Twelve Days Straight: Burdens of Funeral Work
Today’s guest post is written by Katharine Gates:
It’s my 12th day in a row here at the funeral home.
Another day in a dark place surrounded by suits and the vacant stares of burnt out morticians.
We serve our families to the best of our ability. Always saying yes we can do that for you, always standing still with slow movements that ooze professional demeanor.
The sensitivity robot, always in control, ready to catch the falling emotions of those around us. Walking out of this building at the end of the day is like having to reintegrate into a normal society where people laugh and live. You have to remind yourself that it’s okay to smile and joke on this side of the mortuary walls.
We get so wrapped up in our families, in death and sadness that it’s a battle to remind yourself that you aren’t the one that is suffering a loss.
Yet we carry it, it’s still our burden even if it isn’t our loved one. We lose sleep over the details, we wonder if we’ve said all the right things, given enough attention to everyone in need of it. It’s an honor but a heavy burden. It’s a struggle to put it down and walk away at night some of the time.
The irony is that no matter how tired you get, how mentally unstable you feel at times, you truly want to continue this work. It’s who you are. It almost feels like the universe chose you to play this special role in people’s lives. Not everyone can do it but someone has to and you constantly remind yourself that person is you.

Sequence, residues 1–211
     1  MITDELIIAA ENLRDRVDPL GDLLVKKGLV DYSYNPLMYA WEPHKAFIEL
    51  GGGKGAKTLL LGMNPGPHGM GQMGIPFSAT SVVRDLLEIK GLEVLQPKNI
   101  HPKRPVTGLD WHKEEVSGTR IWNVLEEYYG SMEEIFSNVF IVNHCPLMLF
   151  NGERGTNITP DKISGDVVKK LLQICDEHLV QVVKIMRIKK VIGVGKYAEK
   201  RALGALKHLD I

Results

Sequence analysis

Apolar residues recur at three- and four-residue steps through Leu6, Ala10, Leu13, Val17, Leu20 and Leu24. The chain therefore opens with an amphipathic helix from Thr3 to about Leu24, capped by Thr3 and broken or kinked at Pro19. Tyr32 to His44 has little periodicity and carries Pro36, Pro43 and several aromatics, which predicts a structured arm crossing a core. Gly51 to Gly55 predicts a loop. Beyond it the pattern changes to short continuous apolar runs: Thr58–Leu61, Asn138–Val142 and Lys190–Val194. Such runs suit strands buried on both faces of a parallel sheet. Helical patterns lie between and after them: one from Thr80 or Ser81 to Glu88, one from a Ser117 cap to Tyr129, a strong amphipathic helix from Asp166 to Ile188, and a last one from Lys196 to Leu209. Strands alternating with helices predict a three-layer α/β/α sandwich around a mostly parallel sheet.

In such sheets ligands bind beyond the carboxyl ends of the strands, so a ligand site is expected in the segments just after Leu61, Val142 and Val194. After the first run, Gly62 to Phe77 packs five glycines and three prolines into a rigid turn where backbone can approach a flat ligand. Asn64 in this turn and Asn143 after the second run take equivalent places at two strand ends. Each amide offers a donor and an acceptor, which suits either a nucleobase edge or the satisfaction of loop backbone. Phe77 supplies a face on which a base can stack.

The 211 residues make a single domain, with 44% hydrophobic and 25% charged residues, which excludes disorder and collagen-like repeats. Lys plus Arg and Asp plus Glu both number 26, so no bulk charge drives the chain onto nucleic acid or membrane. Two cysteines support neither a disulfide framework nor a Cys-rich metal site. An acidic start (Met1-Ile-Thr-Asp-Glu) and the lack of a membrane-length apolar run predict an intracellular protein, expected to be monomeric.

It’s an honor to care for these people, to carry their secrets, to love their families through the storm. It’s an honor to be one of the last people on this earth to get to know them and then put them to rest for the last time. It truly is a calling, but a calling that can take quite the toll on your personal life and mental stability.
Thank goodness for beautiful distractions, love and laughter to get us through the dark days that can quickly turn into dark nights.
Katharine Gates is a Licensed Funeral Director and Embalmer in Hot Springs, Arkansas. She graduated from the Mortuary Science Program in Mesa, AZ in 2012. When she isn’t planning funerals and caring for the deceased she’s usually spending time with her fiancée and love of her life doing something active outdoors.
This entry was posted by Caleb Wilde on July 12, 2015 at 8:24 pm, and is filed under Aggregate Death. Follow any responses to this post through RSS 2.0.You can leave a response or trackback from your own site.